Accounting for Klay Thompson choosing a contract extension over new-TV-deal money

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As the age-old saying goes, $89,138,886 in the hand is better than $121,667,219 in the bush.

The Warriors and Klay Thompson are negotiating a contract extension, and the shooting guard said he’d prefer to reach a deal now rather than waiting to sign a new deal under a higher salary cap created by the new national TV contracts.

Is Thompson right to push for an extension now?

He’ll make $3,075,880 this season, the final year of his rookie contact. It’s his salaries for future seasons that are in flux.

An extension would begin in 2015-16, and if he doesn’t sign one, he’d become a restricted free agent next summer. However – unless the NBA enacts more-drastic cap smoothing – the salary cap won’t rise drastically until the 2016-17 season, the first of the new TV deals. That means Thompson, if he dares to wait for a long-term contract until the cap skyrockets, is basically committing to two more seasons – including this one – of a low salary.

Let’s start with the simple solution: Thompson signs an extension before the Oct. 31 deadline. A max extension, based on the NBA’s projected 2015-16 salary cap, would pay $89,138,886 over five years.

I don’t know whether Thompson can command the max, but the Warriors kept him rather than trading for Kevin Love. Thompson should at least ask – and considering how much more he could earn by delaying a long-term deal, they might say yes.

If Thompson doesn’t accept an extension, he could always re-sign next summer for up to the same amount a max extension would pay. If Thompson plans to do that, he might as well just push for the extension now.

But becoming a free agent next summer could bring more-lucrative opportunities.

In order to make Thompson a restricted free agent, Golden State would have to extend him a qualifying offer, a standing one-year contract offer. Thompson’s qualifying offer is slated to to be $4,210,880. But if he starts one game or plays 1,132 minutes – both of which would be, by far, career lows – he’ll meet the starter criteria and would be eligible for a larger qualifying offer of $4,433,683. Obviously, I project he’ll do that.

The Warriors play the Kings on Oct. 29, so Thompson could start that game and know he’d know he’s met the starter criteria before the extension deadline of Oct. 31. I doubt that would mean much to him, but it ever-so-slightly minimizes his risk.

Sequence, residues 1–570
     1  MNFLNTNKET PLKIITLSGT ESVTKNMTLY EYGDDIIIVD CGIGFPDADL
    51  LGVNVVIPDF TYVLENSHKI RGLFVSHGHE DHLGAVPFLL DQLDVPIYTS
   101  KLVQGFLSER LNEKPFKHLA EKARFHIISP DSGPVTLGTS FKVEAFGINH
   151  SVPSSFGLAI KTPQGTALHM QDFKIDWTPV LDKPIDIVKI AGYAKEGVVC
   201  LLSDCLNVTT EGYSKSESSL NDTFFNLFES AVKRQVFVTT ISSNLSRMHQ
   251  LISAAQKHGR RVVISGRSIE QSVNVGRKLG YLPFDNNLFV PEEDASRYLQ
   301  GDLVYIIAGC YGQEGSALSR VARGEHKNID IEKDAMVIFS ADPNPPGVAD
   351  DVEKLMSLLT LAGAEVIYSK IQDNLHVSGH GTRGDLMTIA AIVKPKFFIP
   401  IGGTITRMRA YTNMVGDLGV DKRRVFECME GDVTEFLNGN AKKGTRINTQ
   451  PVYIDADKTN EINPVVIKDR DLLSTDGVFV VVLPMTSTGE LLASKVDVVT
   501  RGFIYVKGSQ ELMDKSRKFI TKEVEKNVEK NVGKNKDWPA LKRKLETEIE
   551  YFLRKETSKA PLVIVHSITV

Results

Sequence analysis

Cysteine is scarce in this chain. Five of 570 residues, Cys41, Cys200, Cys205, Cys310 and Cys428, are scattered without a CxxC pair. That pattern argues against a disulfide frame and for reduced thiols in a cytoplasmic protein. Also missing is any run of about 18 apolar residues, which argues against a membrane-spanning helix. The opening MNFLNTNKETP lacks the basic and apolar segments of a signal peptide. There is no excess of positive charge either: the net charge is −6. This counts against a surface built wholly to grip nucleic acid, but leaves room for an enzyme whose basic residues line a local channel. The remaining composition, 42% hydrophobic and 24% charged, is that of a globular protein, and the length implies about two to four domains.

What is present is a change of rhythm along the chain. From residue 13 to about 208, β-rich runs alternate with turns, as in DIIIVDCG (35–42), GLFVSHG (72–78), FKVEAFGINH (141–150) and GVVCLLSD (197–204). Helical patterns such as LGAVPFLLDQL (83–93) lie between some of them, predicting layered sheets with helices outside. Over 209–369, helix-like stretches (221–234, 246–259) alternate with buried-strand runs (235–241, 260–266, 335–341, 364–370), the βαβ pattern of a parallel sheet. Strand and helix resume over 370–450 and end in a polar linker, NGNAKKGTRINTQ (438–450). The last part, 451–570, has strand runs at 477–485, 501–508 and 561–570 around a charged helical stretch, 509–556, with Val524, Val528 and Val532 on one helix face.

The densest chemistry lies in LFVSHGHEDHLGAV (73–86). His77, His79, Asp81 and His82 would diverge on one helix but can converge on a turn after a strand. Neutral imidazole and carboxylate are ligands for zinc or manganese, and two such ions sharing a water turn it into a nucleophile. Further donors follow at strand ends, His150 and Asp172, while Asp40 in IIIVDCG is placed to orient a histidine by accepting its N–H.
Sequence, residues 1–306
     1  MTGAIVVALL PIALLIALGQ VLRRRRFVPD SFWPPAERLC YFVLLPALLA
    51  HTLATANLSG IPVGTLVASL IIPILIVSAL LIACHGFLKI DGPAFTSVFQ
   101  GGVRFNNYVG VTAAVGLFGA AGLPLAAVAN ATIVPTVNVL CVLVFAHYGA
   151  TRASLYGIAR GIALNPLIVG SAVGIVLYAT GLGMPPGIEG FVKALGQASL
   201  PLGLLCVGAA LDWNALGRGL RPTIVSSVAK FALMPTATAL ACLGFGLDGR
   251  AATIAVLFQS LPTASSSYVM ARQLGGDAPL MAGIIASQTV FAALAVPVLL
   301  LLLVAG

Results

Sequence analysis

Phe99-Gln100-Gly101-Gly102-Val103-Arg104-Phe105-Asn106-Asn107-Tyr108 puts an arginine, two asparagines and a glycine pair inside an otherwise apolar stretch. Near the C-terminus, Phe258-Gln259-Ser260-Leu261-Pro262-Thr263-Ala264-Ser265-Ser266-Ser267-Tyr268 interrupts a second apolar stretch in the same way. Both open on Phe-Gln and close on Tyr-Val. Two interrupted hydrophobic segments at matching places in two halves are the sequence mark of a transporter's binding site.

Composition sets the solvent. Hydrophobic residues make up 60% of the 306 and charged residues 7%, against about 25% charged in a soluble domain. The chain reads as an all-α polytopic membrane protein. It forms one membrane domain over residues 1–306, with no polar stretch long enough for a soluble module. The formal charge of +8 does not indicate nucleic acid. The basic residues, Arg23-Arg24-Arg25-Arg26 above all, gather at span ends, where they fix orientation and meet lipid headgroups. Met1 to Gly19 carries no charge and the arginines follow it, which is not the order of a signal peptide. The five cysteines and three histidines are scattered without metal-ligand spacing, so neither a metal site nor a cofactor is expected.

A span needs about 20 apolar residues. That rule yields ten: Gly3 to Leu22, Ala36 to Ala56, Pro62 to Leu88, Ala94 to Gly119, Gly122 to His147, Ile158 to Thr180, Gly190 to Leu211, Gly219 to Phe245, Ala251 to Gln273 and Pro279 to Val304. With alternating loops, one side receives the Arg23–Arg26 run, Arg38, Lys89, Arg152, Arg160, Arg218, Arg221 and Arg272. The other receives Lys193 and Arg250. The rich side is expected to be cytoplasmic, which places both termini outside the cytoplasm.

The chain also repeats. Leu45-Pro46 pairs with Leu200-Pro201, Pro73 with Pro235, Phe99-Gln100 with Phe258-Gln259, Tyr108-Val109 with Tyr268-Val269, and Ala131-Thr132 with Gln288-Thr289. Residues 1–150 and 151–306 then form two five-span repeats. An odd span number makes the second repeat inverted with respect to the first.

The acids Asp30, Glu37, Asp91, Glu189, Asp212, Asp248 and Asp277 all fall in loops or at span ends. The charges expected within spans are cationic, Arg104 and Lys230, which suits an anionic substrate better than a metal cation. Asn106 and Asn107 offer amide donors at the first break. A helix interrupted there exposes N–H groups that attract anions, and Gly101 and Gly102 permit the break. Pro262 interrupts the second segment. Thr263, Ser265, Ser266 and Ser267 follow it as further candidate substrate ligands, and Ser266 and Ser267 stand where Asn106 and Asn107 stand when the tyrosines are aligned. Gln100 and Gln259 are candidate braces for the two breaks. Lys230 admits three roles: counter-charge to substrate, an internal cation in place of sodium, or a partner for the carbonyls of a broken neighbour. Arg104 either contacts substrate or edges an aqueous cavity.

As for the upside? That would come in 2016 after his year on the qualifying offer. With the cap projected to rise as the new TV deals kick in, many teams will have cap room, and salaries will soar.

Here’s the max amount Thompson could earn – using my cap projection for 2016-17 – by:

  • Signing an extension (black)
  • Signing a qualifying offer in 2015 and then signing elsewhere in 2016 (blue)
  • Signing a qualifying offer in 2015 and then re-signing in 2016 (yellow)

image

Year Extension Qualifying offer
and sign elsewhere
Qualifying offer and re-sign
2015-16 $15,502,415 $4,433,683 $4,433,683
2016-17 $16,665,096 $20,388,441 $20,388,441
2017-18 $17,827,777 $21,295,332 $21,917,574
2018-19 $18,990,458 $22,202,224 $23,446,707
2019-20 $20,153,139 $23,109,115 $24,975,840
2020-21 $26,504,973
Total $89,138,886 $91,428,795 $121,667,219

If Thompson can get a max offer in 2016, he should reject an extension and sign the qualifying offer to become a free agent then. He doesn’t even need a max deal from the Warriors – who can provide a fifth season and larger annual raises (7.5 percent vs. 4.5 percent) than other teams – to come out ahead. If Thompson leverages any teams into a max offer, he fares better than he would have on a max extension now.

Of course, nobody knows whether Thompson can get a max contract in 2016.

Only Thompson can decide for himself which course is best. An extension is the only way to secure huge money now, but waiting could bring a bigger payout.

This probably won’t affect his decision, but the higher Thompson’s salary in the final year of his deal, the higher his max salary could be in his following contract. That’s because free agents can always sign for 105 percent of their previous salary. So, holding off on a long-term deal could mean Thompson is eligible for even more money on his second long-term deal.

Is Thompson a star worthy of a max contract, let alone a megastar worthy of two in his career?

It’s rare a player turns down his first big guaranteed payday in order to chase a bigger deal later, but a national TV deal of this size is unprecedented. The game has changed, and as a result, even a max contract extension is no longer guaranteed to be the optimal financial path.

I understand Thompson’s inclination to take the money now, but if he does that, he should make sure the Warriors give him all of it. Max extension or bust.